The State of Vermont has been dealing with invasive water chestnut for a long time. Currently found in southern Lake Champlain and its tributaries, Lake Bomoseen, Missisquoi National Wildlife Refuge, and several other lakes and ponds in the basin, water chestnut is a nuisance.
Both mechanical and hand harvesting methods are used to significantly reduce the negative impacts of this invasive plant in Lake Champlain and other water in Vermont. Mechanical harvesting is used to remove dense mats and is currently necessary only in southern Lake Champlain. Hand-pulling continues to be the main control method used at all sites in the state.
On a warm and sunny day last week, a group of 18 Environmental and Career Opportunity (ECO) AmeriCorps members traveled to Blissville Pond in Poultney to hand pull water chestnut. Members went out in canoes to collect water chestnut in large bags. The bags were weighed and then dumped into a pile that was left to decompose.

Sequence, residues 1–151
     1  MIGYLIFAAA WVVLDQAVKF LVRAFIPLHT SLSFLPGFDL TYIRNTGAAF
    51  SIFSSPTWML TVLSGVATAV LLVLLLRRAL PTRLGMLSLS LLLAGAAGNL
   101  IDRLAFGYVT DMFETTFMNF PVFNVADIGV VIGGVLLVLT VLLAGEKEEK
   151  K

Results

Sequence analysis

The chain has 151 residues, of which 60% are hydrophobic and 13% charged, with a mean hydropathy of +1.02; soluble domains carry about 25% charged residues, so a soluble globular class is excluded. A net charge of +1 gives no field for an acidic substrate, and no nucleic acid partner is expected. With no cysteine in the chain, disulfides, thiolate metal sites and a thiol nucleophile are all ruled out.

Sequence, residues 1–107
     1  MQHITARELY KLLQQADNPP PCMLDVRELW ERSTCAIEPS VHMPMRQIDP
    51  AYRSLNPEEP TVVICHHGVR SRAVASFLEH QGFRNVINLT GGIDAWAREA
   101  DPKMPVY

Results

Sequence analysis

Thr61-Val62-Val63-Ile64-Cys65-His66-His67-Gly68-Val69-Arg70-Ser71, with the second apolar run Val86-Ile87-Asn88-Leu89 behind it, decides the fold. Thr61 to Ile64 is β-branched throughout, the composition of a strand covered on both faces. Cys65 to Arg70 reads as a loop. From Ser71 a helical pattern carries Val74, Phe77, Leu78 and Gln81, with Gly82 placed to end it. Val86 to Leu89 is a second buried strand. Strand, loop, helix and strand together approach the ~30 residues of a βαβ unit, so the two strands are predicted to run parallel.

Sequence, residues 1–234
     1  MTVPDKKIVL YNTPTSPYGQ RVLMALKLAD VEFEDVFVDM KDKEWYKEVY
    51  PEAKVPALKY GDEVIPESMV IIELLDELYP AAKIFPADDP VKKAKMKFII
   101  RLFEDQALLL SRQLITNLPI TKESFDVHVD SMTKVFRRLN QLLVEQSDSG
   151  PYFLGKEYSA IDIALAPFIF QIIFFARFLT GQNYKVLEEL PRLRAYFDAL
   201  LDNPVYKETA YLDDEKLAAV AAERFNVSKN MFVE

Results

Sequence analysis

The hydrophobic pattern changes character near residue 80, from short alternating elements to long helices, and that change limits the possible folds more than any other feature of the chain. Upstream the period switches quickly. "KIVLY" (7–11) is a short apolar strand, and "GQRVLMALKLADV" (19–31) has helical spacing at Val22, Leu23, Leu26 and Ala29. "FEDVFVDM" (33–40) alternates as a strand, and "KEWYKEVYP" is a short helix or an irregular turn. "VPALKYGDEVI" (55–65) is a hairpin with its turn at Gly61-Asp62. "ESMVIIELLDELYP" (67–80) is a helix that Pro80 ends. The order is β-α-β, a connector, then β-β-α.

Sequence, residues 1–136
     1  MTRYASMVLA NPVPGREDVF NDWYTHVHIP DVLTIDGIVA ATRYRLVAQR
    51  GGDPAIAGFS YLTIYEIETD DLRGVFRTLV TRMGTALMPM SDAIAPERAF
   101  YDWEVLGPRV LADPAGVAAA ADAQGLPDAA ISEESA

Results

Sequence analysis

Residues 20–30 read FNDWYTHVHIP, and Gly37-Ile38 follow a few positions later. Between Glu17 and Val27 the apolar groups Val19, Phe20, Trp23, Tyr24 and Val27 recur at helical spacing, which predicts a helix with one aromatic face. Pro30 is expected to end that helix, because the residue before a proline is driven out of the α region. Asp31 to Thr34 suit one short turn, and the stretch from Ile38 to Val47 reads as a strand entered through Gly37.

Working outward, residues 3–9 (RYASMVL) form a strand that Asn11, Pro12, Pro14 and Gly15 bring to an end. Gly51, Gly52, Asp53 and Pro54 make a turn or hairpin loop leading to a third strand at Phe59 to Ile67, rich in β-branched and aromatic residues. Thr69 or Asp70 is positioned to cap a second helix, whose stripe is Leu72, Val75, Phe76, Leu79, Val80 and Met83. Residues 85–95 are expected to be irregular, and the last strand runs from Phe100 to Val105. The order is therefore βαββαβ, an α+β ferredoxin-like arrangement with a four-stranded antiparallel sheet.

Water chestnut is a rooted annual aquatic plant that likes to grow in slow-moving, nutrient-rich waters. The plant reproduces by over-wintering seeds in the bottom of a lake or pond. The four sharp, barbed points, anchor the seed into the ground, making it difficult to remove.
The ECO AmeriCorps members removed 1,562.5 pounds of water chestnut, which roughly corresponds to 20,782 rosettes from Blissville Road Pond. A rosette is a floating grouping of leaves attached to the main stem (see picture below).